C. F. Hickling the English aquaculture author, citing S. Y. Lin a noted Chinese aquaculturist, considered the earliest beginnings of aquaculture as during the period 2000–1000 B.C. This indicated that aquaculture has a long history dating as far as 4000 years ago. However, during the period, and especially before the advent of printing, no records were available except the narratives handed down from one generation to another especially those found in the seat of power during those periods. Admittedly, China was the cradle of the beginning of aquaculture utilizing mainly the common carp (Cyprinus carpio). It is said that aquaculture as a husbandry developed in China resulting from the fact that population started to have a settled condition and has been kept as an unbroken tradition. No detailed description of aquaculture practices was however available during that early period.
This year is considered of very great significance in the annals of the history of aquaculture. Many authors round the year as 500 B.C. although most agree that the exact year is 475 B.C. and some even use 473 B.C. as the period when Fan Lai (also spelled Li or Lee by some authors) wrote his book, “The Classic of Fish Culture”. This book consisted the earliest monograph of, fish culture. Although the narrative also dealt on fantasies and metaphysical aspects, it is the first to record and describe the structure of ponds, the method of propagation of the common carp and the growth of fry. Excerpts of an English translation and Chinese facsimile of this book are appended (Appendix 1 and 2).
This period can be considered the Golden Age of common carp culture which has continued to develop in China as well as in neighboring countries where the Chinese people migrated or have some form of foreign relations. Not only is actual progress attained in the techniques of culture but also scattered records of the culture systems were made during this period. At about this time in the Indian sub-continent, specifically during the period 321 to 300 B.C., the use of reservoirs to hold fish was first described.
The reign of the Tang Dynasty is particularly significant in the history of world aquaculture. The Tang emperor in China had the family name of Li which happened to be the common name of the widely-cultivated common carp. Because of this coincidence, an imperial decree was issued prohibiting the culture as well as other activities connected with this fish. This decree, however, instead of putting a constraint to the development of aquaculture turned to be a blessing in disguise. The Chinese people who were then at the time very much engrossed in fish culture as a source of food and livelihood, looked for other species of fish for pond culture. This resulted in the discovery of the silver carp, the big-head carp, the grass carp and the mud carp, all very suitable pond culture species. It was also found that when raised in polyculture in the same pond, these species complement each other by eating different types of food and staying in different environmental strata within the pond. This led not only in the discovery of new species for culture but also in maximizing the productivity of freshwater pond culture,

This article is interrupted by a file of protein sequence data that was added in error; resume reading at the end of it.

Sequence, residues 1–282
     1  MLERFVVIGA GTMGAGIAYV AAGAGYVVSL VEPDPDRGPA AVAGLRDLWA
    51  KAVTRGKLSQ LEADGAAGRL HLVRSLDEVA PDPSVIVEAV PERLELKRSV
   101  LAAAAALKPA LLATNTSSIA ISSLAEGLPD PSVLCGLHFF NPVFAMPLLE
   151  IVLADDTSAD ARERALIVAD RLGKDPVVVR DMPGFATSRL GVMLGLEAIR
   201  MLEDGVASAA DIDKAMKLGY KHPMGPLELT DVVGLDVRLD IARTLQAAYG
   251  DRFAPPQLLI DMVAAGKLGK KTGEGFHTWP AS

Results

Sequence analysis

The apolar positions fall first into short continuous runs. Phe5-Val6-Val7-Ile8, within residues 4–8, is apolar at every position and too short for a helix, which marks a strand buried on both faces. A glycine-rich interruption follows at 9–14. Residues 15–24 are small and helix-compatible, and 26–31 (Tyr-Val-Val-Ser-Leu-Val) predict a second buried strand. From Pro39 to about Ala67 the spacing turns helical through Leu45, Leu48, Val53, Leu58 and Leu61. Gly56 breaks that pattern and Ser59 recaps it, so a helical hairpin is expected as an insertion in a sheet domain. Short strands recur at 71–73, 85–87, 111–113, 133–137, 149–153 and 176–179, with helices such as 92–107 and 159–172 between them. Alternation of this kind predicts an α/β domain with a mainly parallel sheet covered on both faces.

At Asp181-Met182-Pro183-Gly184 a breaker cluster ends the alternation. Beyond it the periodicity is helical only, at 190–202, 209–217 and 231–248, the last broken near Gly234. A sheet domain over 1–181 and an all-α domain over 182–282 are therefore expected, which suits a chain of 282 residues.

The initiative to collect fry of cultivable species seasonally along the rivers was started during the Tang Dynasty as a result of the prohibition decree on the common carp, Systematic fry collection and dispersal in natural waters was highly developed during following period under the Sung Dynasty, At about this time in India, the published work Namasollasa presented a compilation describing the fattening of fish in reservoirs. In China, in 1243, Chow Mit published his Kwei Sin Chek Shik which described fry transport in bamboo baskets.
It was during the Ming period that works describing the complete aquaculture process were detailed. Methods for culturing fry to adult, the structure of ponds, rearing density, polyculture, stocking/catching rotation, application of food and fertilizer and disease control were dealt with in aquaculture works during this period. In the year 1400 brackishwater aquaculture was recorded as having been started in Indonesia. This was suggested in the penal laws of the country (Kutara Menawa) which provided for the prohibition of stealing fish from ponds. In China, in 1639, the Complete Book of Agriculture which included pond fish culture was released.
During this period, further detailed description of fish culture methods were emphasized. This included fry production, season of occurrence of fry, differentiation and separation of fry and transport.
In the French Indochinese countries, the waves of Chinese migration had influenced the development of aquaculture. Due to the indigenous species in this area which became of value to the native population, cage culture of siluroids and related species developed independently and became a distinct aquaculture practice in this area. This practice has continued up to the present time (e.g. cage culture along Mekong River in Kampuchea).